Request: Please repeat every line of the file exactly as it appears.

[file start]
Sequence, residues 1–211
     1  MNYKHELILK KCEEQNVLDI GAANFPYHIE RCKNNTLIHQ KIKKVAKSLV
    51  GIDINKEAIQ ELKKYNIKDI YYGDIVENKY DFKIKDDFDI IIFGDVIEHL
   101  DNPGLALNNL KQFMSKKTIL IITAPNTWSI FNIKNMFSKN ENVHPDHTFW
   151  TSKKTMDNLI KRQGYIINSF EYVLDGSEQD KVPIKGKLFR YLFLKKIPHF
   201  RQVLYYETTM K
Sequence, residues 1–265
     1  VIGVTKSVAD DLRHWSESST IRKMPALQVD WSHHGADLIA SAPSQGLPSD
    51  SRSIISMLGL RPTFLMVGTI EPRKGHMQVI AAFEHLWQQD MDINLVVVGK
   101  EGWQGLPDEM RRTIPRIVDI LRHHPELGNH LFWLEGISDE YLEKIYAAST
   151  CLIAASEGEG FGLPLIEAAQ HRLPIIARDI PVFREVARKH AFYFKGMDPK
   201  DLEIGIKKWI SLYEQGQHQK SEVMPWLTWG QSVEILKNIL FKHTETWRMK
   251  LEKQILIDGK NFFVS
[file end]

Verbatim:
Sequence, residues 1–211
     1  MNYKHELILK KCEEQNVLDI GAANFPYHIE RCKNNTLIHQ KIKKVAKSLV
    51  GIDINKEAIQ ELKKYNIKDI YYGDIVENKY DFKIKDDFDI IIFGDVIEHL
   101  DNPGLALNNL KQFMSKKTIL IITAPNTWSI FNIKNMFSKN ENVHPDHTFW
   151  TSKKTMDNLI KRQGYIINSF EYVLDGSEQD KVPIKGKLFR YLFLKKIPHF
   201  RQVLYYETTM K
Sequence, residues 1–265
     1  VIGVTKSVAD DLRHWSESST IRKMPALQVD WSHHGADLIA SAPSQGLPSD
    51  SRSIISMLGL RPTFLMVGTI EPRKGHMQVI AAFEHLWQQD MDINLVVVGK
   101  EGWQGLPDEM RRTIPRIVDI LRHHPELGNH LFWLEGISDE YLEKIYAAST
   151  CLIAASEGEG FGLPLIEAAQ HRLPIIARDI PVFREVARKH AFYFKGMDPK
   201  DLEIGIKKWI SLYEQGQHQK SEVMPWLTWG QSVEILKNIL FKHTETWRMK
   251  LEKQILIDGK NFFVS